Patterns and Predictors of Sexual Activity Among Women in the Hormone Therapy Trials of the Women's Health Initiative

Gass, Margery L.S. MD, NCMP; Cochrane, Barbara B. PhD, RN; Larson, Joseph C. MS; Manson, JoAnn E. MD, DrPH, NCMP; Barnabei, Vanessa M. MD, PhD, NCMP; Brzyski, Robert G. MD, PhD; Lane, Dorothy S. MD, MPH; LaValleur, June MD; Ockene, Judith K. PhD, MEd, MA; Mouton, Charles P. MD, MS; Barad, David H. MD, MS

Disclosures

Menopause. 2011;18(11):1160-1171. 

In This Article

Conclusions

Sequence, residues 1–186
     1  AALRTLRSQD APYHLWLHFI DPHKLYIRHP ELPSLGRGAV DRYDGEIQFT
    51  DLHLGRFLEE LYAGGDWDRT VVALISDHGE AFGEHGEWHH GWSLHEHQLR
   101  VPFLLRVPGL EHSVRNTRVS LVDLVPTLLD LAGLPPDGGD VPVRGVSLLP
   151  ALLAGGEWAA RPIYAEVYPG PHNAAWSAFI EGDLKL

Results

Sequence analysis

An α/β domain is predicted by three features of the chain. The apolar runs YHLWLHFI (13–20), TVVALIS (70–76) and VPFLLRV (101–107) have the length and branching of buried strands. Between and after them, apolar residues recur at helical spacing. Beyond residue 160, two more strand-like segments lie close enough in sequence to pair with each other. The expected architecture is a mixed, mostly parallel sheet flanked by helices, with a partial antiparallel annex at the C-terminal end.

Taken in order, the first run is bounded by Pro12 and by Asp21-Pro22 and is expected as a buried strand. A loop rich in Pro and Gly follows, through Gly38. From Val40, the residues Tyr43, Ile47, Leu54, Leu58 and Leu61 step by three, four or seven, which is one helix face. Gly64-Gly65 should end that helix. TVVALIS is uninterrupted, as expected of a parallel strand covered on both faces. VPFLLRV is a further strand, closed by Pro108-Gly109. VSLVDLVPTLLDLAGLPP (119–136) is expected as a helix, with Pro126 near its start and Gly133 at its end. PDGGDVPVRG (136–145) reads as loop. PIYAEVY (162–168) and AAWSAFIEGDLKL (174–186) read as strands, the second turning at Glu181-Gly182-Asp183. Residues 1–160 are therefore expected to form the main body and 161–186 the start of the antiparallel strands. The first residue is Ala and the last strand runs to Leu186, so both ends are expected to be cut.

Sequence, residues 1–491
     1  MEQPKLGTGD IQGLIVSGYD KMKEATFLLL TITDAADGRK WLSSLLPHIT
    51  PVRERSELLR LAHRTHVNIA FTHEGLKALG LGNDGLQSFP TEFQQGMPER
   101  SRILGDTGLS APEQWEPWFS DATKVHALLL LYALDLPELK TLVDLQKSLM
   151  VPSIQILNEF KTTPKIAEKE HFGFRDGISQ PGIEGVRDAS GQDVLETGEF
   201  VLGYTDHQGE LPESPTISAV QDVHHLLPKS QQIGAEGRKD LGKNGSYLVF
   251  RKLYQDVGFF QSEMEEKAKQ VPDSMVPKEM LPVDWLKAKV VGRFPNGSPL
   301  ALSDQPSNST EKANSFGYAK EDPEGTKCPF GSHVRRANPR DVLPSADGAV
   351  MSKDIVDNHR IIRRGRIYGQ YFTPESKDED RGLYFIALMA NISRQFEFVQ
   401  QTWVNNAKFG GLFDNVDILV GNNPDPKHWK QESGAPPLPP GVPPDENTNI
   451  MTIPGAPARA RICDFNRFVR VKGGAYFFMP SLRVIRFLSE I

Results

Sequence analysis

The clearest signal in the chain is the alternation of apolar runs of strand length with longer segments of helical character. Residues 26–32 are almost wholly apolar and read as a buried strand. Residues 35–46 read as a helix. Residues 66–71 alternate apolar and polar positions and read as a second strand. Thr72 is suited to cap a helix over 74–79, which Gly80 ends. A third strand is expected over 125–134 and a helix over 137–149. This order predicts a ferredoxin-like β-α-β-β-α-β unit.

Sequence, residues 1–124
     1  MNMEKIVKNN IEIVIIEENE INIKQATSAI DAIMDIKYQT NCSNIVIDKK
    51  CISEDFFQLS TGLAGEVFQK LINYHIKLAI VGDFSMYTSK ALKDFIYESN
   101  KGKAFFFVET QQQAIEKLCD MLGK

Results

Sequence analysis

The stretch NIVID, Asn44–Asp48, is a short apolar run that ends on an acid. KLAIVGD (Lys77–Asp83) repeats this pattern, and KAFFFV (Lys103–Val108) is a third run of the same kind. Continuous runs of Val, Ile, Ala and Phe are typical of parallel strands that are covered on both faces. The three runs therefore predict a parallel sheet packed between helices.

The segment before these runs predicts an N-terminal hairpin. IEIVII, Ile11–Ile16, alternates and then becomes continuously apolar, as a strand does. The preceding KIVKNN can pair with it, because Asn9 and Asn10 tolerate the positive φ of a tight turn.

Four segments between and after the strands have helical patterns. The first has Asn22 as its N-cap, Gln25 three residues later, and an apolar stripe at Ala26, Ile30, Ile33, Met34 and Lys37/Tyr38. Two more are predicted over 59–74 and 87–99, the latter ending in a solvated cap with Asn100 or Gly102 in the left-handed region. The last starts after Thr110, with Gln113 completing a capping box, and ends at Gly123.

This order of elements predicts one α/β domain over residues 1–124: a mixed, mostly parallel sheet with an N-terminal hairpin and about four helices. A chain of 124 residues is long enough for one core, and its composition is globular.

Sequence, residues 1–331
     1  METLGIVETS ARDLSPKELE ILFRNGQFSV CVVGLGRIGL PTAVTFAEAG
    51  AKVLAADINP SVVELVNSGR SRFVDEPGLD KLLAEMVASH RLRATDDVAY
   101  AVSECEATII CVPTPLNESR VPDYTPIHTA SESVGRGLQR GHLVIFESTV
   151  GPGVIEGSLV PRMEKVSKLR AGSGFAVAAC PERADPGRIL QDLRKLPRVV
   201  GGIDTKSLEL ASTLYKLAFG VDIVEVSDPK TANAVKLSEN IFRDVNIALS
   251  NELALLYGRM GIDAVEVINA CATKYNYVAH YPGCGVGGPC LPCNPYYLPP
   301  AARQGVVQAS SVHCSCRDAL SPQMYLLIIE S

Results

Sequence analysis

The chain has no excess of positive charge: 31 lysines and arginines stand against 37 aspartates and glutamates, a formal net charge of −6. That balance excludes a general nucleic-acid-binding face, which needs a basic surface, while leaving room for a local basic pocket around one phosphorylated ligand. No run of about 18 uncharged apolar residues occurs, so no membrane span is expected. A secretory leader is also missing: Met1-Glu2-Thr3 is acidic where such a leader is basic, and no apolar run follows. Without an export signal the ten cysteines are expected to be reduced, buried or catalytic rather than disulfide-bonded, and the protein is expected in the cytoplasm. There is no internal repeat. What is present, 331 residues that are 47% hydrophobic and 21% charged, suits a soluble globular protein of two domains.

A majority of women with a partner in the WHI HT trials were satisfied with their sexual activity and frequency. Among all women, partnered or not, who were dissatisfied with their sexual activity, most would have preferred more sexual activity rather than less, especially women in the younger age groups. The strongest predictor of sexual activity at year 1 was sexual activity at baseline. The loss of a partner, partner illness, and poor self-rated health were important factors associated with the cessation of sexual activity in previously active women. Vulvovaginal atrophy, pelvic organ prolapse, and urinary incontinence were not significantly associated with cessation of sexual activity among those already sexually active. HT was associated with a higher rate of sexual activity at year 6 when limited to the subgroup of HT-adherent women, but there was no statistically significant difference in the intent-to-treat group. These findings further characterize the participants in the Women's Health Initiative and illustrate the complexity of factors related to the prevalence of sexual activity and satisfaction.

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